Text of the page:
Publicly claiming infallibility isn’t ever good. AIG ‘s head of financial products famously said of derivatives tied to mortgages that it’s “hard to see a scenario within any kind of realm of reason that would see us losing a dollar in any of those transactions”. They went on to report a full year loss of $99 billion USD.
Goldman Sachs’ CEO Lloyd Blankfein did not help his bank’s case when, right before testifying to the US Senate about why his company lost money on derivatives, he complained “what kind of economic system do we have if banks are ‘pounded’ with questions on risk judgment?” Managing risk is, arguably, the core what a financial institution does.
Some form of contrition was definitely needed to soothe public sentiment, but was clearly lacking. RBS’s Fred Goodwin refused to hand back any of his £16mn pension, despite overseeing a £24bn loss. He was urged by government ministers to reconsider and when he didn’t his refusal was publicly labelled as “unfortunate and unacceptable”.
Marketing: During the crisis, which institutions in your opinion handled communications well?
Henley: I don’t think there are any great stand outs. A few token efforts were made, but there needed to be more. AIG’s Edward Liddy decided not to not take any bonuses and accept a salary of just $1. Liddy was somewhat empathetic too, admitting that he shared the public anger and that AIG had “made mistakes on a scale few could have imagined”.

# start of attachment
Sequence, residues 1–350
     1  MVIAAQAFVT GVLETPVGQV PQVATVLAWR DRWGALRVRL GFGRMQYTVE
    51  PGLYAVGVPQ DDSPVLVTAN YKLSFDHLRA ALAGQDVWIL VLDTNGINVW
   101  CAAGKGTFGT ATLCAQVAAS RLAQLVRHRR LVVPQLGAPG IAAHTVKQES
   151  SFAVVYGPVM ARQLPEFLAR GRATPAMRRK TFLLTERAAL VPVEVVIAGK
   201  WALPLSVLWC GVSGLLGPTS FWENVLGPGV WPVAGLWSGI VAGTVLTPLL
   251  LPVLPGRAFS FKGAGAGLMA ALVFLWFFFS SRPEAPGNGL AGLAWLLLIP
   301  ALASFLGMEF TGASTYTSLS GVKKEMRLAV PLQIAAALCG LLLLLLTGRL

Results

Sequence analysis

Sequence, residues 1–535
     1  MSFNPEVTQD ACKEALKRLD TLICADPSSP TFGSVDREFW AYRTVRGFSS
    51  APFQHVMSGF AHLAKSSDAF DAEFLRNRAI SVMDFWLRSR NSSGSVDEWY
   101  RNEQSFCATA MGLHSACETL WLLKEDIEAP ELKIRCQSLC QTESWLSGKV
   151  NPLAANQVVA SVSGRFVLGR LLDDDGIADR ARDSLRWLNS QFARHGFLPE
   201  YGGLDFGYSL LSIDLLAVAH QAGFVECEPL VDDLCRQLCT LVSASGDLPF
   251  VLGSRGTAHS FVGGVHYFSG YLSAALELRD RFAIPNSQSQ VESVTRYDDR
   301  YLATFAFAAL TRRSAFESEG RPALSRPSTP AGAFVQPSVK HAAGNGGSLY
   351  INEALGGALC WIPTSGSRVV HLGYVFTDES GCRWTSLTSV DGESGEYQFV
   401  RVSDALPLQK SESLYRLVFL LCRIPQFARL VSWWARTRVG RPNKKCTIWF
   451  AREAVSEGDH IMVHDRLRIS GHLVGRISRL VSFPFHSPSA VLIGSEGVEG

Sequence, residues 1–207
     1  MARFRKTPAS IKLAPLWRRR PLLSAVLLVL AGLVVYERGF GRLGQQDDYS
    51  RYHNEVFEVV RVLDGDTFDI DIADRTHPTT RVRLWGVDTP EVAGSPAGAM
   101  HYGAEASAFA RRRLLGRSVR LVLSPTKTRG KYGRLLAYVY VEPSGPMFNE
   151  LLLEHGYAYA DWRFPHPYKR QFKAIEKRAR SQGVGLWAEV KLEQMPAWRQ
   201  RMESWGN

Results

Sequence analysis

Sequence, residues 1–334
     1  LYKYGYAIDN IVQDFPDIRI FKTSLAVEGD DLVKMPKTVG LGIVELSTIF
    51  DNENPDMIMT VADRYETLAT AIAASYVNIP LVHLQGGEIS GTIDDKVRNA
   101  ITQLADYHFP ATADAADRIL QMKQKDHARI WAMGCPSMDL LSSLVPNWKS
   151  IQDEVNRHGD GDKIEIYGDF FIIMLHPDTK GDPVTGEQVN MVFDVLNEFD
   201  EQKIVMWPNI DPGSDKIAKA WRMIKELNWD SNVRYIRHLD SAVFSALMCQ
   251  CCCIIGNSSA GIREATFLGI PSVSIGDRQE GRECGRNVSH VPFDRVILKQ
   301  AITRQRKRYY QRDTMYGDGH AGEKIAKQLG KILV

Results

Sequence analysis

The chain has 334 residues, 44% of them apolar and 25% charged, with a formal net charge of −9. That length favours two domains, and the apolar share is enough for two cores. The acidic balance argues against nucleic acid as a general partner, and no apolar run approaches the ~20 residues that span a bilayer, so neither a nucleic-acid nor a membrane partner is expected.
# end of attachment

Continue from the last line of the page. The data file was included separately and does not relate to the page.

Goldman Sachs pledged $500 million to help small businesses recover from the recession – a year down the track from the October 2007 collapse. This could have been done faster.
Lessons for PR: Apologise. Show contrition. Enact Change. Do it swiftly.
Marketing: How could financial institutions have approached apologising to the public?
Henley: Apologising upfront would have helped. Institutions would still have been under fire for their practices, but wouldn’t have been compounding the arrogance by lacking contrition.
Some business observers argue that apologies should have three ‘what’ elements: Candor, remorse, and a commitment to change. Goldman’s Lloyd Blankfein was publicly criticised as he didn’t say what he was sorry for and did not appear remorseful, nor did he explain how Goldman Sachs would change its behavior.
Most institutions, including Goldman Sachs, then ended up making some from of ‘proper’ apology later on – too little too late. These late apologies lacked authenticity.
Marketing: Could better communication have contained the stock market meltdown following the collapse of AIG?
Henley: Given the combination of factors and parties involved – regulators, governments, banks, insurers etc. – it’s unlikely that better communication could have contained the meltdown. Having said that, when things did come tumbling down, everyone seemed to duck for cover and avoid taking responsibility. Not a lot was undertaken by way of apology or any kind of restitution, or commitment to do better in the future.
Hear more from Henley at Marketing magazine’s 3rd annual PR Asia 2015 conference, happening 26-27 November in Singapore.